If you look back ten years, the digital and technology landscape at the disposal of communicators and reputation managers was remarkably different. The Android operating system (& hence affordable smartphones) were a few years away and iPhone had pretty much just been launched. Naturally the role that technology could play was limited. The platforms that were useful were complex and therefore the people who could use them were few.
Since then we’ve arrived in an era where over half a billion Indians are expected to have a smartphone, and the average citizen relies primarily on internet-based media for information. The devices that let us access this information have also become the apex of large amounts of data. Data about people, their habits and decision making. Many political outfits today are dedicated to trying to make sense of how these data correlate. And finally, this aspect of technology has integrated with the most essential asset of a political campaign – the on-ground force.
For instance the BJP, lauds the largest membership as a political party in the world. Many of them have the primary duty of organising activities on ground – public meetings, door to door campaigns, awareness drives on social issues, organising and participating in civic activities. Not to mention the amplified addition of a large and driven RSS.
As dependant as political campaigning may have become on digital platforms, on ground mobilisation is indispensable. Naturally it was only in the benefit of political outfits to marry both assets to either create activities that were otherwise impossible or make existing effort more effective.
For instance, a smartphone loaded with constituency data is an immediate access to great amount of intelligence on where campaign efforts need to be focussed real time. I first saw its utility in 2014 and in the last four years the data has become richer, easier to access and easier to consume. Political outfits extensively share data on safe and battleground areas, along with voter lists that can be handy in door to door campaigning. From that emerges how each on-ground volunteer is charged with a task.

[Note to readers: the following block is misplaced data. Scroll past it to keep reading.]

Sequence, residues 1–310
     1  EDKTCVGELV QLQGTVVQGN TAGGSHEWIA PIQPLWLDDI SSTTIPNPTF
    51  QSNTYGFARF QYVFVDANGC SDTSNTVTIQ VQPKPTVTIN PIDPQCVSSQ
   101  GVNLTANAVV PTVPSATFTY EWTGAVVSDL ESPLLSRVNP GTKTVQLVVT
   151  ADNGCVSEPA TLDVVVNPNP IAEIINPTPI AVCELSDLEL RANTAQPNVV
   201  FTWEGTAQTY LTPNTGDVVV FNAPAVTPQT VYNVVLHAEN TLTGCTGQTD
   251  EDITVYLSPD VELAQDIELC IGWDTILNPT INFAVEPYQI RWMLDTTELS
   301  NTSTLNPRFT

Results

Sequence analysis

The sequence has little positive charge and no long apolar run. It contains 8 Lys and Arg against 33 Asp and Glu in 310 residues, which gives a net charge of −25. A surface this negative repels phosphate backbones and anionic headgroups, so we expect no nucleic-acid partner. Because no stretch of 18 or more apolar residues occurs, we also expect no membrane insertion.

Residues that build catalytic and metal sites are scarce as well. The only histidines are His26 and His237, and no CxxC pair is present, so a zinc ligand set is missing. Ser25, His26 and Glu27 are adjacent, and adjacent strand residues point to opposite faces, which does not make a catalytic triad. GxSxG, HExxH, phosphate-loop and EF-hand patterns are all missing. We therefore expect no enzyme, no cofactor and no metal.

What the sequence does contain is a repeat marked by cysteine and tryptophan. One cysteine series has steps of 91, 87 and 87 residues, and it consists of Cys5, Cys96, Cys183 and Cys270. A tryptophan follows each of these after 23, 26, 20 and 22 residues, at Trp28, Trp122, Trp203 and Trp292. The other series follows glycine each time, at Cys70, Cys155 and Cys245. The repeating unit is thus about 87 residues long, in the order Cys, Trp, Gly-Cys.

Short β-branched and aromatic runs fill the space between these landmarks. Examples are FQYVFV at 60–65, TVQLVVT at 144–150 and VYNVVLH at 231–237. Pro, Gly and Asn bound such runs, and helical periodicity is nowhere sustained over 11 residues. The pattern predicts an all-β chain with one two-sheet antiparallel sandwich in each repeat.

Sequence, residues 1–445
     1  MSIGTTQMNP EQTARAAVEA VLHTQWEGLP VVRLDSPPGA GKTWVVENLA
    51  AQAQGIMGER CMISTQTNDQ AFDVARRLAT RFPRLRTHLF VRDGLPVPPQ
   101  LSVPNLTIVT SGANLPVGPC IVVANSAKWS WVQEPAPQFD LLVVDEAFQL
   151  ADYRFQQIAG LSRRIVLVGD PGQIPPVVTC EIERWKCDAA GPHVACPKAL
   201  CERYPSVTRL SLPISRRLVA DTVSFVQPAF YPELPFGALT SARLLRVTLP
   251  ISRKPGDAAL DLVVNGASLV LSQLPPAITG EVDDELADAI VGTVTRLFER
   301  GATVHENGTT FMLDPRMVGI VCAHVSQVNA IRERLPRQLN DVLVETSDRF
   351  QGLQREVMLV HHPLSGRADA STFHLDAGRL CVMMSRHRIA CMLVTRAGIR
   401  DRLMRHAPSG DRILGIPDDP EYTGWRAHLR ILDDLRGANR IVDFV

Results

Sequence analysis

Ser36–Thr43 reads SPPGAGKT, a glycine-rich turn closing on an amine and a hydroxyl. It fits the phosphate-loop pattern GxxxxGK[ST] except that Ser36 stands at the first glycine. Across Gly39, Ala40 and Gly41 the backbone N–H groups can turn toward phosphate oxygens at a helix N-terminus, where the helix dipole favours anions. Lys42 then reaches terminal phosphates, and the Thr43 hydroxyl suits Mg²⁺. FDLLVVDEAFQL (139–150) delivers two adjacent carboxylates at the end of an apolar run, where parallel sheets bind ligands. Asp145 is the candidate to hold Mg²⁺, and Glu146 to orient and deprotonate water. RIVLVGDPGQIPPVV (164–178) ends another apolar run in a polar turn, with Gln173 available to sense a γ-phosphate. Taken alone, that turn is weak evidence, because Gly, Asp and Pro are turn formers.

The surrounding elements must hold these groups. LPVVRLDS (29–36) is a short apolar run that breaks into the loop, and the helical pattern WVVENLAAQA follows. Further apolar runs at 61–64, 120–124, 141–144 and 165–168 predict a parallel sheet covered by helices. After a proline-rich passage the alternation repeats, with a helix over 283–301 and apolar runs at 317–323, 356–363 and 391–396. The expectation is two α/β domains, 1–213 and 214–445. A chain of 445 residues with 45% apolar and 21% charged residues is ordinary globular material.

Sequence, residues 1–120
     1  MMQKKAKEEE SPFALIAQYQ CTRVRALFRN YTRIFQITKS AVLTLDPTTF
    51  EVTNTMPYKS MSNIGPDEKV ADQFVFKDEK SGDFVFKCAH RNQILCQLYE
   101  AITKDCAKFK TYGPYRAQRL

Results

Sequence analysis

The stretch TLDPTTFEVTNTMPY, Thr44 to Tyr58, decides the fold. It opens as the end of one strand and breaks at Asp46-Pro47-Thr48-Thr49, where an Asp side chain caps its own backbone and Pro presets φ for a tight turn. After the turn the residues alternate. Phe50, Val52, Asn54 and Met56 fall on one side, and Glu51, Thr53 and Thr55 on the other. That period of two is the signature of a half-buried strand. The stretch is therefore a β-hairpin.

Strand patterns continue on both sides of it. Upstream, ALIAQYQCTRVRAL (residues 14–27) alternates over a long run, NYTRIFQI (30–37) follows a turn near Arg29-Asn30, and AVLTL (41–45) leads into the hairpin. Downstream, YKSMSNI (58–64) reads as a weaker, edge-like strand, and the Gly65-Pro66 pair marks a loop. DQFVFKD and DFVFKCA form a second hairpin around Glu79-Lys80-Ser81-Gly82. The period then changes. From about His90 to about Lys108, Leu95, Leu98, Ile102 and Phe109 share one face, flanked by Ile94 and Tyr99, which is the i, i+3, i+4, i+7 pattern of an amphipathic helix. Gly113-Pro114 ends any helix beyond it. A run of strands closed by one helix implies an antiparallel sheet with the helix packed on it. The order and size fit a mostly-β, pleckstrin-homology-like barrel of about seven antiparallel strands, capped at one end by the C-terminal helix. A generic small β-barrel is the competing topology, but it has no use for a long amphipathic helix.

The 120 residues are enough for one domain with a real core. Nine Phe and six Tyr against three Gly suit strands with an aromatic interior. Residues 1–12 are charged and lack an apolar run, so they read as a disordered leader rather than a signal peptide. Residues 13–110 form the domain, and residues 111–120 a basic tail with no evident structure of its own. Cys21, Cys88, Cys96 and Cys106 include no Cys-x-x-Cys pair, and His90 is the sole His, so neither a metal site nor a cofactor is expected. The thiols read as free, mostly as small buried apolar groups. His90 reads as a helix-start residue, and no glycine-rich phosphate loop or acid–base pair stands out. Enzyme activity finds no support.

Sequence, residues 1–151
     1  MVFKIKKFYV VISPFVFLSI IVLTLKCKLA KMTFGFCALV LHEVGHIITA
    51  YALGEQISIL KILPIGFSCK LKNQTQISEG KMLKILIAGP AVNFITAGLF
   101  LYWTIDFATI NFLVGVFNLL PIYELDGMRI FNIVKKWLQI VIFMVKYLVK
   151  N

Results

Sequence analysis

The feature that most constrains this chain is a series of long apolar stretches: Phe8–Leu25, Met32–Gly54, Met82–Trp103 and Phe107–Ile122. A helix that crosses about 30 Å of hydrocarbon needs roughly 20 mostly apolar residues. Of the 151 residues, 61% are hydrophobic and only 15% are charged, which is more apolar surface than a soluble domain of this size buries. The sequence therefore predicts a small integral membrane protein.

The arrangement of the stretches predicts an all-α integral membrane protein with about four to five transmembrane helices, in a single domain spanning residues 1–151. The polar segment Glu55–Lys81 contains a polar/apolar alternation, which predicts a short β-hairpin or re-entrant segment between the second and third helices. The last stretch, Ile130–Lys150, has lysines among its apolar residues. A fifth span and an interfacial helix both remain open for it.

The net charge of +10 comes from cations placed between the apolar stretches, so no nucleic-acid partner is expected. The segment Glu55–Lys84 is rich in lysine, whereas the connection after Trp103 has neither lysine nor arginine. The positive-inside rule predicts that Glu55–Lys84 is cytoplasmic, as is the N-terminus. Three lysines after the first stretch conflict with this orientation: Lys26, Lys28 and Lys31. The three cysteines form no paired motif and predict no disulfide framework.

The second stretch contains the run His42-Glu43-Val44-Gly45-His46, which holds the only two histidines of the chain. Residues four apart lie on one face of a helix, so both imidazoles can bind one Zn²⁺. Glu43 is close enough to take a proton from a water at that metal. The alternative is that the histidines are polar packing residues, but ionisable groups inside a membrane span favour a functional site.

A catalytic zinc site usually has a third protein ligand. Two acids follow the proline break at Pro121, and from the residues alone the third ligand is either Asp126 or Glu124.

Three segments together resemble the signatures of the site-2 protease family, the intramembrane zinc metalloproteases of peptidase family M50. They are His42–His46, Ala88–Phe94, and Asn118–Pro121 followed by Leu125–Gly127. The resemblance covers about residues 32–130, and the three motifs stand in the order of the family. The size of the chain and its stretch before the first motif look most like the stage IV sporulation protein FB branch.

Data gathering for example has been made incredibly convenient – surveys which were conducted on paper based forms and collated manually are entirely digitised. The amount of time it saves in data gathering, entering and crunching is phenomenal. And it requires minimal training of the workforce to be able to do it. Just owning a smartphone qualifies the volunteer as capable of surveying.
This is another major application – it has become logistically easier to delegate responsibilities without duplication of effort. Tasks assigned to volunteers can be on the basis of their unique capabilities as well as their vantage points. A precursor to this is profiling the volunteer base to as much extent as possible. Subsequently the same mechanisms can be used for performance tracking.
Then there are phenomena which would not have been possible without easy access to technology. In the another edition of State Craft we spoke about Citizen Journalism. Many large movements we see today emerged out of WhatsApp or Twitter groups where like-minded people congregated online. It lowers the initial activation energy – of joining a movement, and makes it possible for people with all levels of resources to contribute.
What are the other ways in which technology has made on ground campaigning more efficient? Let us know in the comments below or @HemantGaule